[MPlayer-dev-eng] [PATCH] Check if path is too long
komh78 at gmail.com
Thu Jun 6 16:16:08 CEST 2013
Reimar Döffinger wrote:
> On 05.06.2013, at 15:35, KO Myung-Hun <komh78 at gmail.com> wrote:
>> Reimar Döffinger wrote:
>>> On 05.06.2013, at 02:39, KO Myung-Hun <komh78 at gmail.com> wrote:
>>>> Reimar Döffinger wrote:
>>>>> On Tue, Jun 04, 2013 at 12:57:03PM +0900, KO Myung-Hun wrote:
>>>>>> This patch fixes the problem that MPlayer crashes if a path is too long.
>>>>> Why? I don't see anything in the code that you change that should
>>>>> cause crashes if the path is very long?
>>>>> Unless the open function itself crashes, but I'm not exactly convinced
>>>>> we should work around an OS issue like that, and if we do we should only
>>>>> do it for that specific OS (and probably closer to the issue, e.g. doing
>>>>> a strlen just before open()).
>>>> I agree with you, because it was my first approach. But I think, it is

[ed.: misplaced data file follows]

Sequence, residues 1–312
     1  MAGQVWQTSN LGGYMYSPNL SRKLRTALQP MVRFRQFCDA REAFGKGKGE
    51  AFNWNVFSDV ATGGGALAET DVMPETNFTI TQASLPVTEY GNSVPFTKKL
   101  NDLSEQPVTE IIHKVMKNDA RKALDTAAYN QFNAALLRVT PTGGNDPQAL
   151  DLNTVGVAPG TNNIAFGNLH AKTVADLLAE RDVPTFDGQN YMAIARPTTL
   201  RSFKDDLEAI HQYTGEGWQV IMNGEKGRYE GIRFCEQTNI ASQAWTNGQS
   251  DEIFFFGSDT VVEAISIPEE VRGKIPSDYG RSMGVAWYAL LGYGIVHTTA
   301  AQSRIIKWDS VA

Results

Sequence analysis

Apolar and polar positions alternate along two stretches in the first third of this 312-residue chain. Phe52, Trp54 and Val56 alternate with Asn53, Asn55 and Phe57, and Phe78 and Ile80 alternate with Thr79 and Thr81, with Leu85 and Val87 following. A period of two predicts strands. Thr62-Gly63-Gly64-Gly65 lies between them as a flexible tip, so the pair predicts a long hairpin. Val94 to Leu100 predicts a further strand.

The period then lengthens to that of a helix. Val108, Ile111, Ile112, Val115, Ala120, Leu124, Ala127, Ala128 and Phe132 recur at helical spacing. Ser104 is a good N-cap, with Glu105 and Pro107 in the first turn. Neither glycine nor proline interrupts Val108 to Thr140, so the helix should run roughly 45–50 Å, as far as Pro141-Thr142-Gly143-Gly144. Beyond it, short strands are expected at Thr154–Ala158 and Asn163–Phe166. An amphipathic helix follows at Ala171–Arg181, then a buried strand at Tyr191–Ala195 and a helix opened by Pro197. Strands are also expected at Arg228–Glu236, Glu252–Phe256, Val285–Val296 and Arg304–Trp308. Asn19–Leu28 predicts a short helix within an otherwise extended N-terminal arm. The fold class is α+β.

>>>> just a symptomatic treatment. So it is more general and more fundamental
>>>> to prevent from generating a too long path itself.
>>> I disagree, there is no such thing as a "too long path".
>>> While PATH_MAX is a convenient hack when you need to decide which buffer size to use and in some cases things _might_ stop working for names longer than it, it is also possible that names longer than that work perfectly fine.
>>> I see no good reason to "pre-emptively" break very long file names on purpose, just because they _might_ not work.
>> Yes, a real path can be longer than PATH_MAX.
>> However, I don't see the differences between this and checking a path
>> length before fopen() or such a things.
> One thing is that it is hopefully less or at least less complex code.
Hmm... I don't know what you call 'complex code'. But at least, the same
codes should be written repeatedly. And this has a potential problem in
the future codes. All the writers should remember that this check should
be done before buggy functions.
> The other is that it follows the rule of "keep the hack close to the broken code"
I don't know that the rule is there. And I agree with it in the normal
case. But if the root of causes are found, fixing it is better.
Otherwise, this would be burden to a developer, because, similarly
above, a developer have to add the hack keeping track of all the broken
>> Is it fine to wrap these codes in #ifdef...#endif block ?
> As said, I don't think having these checks so far from the code that causes issues is good.
> But it is better with ifdefs.
Ok. I've introduced a conditional macro.
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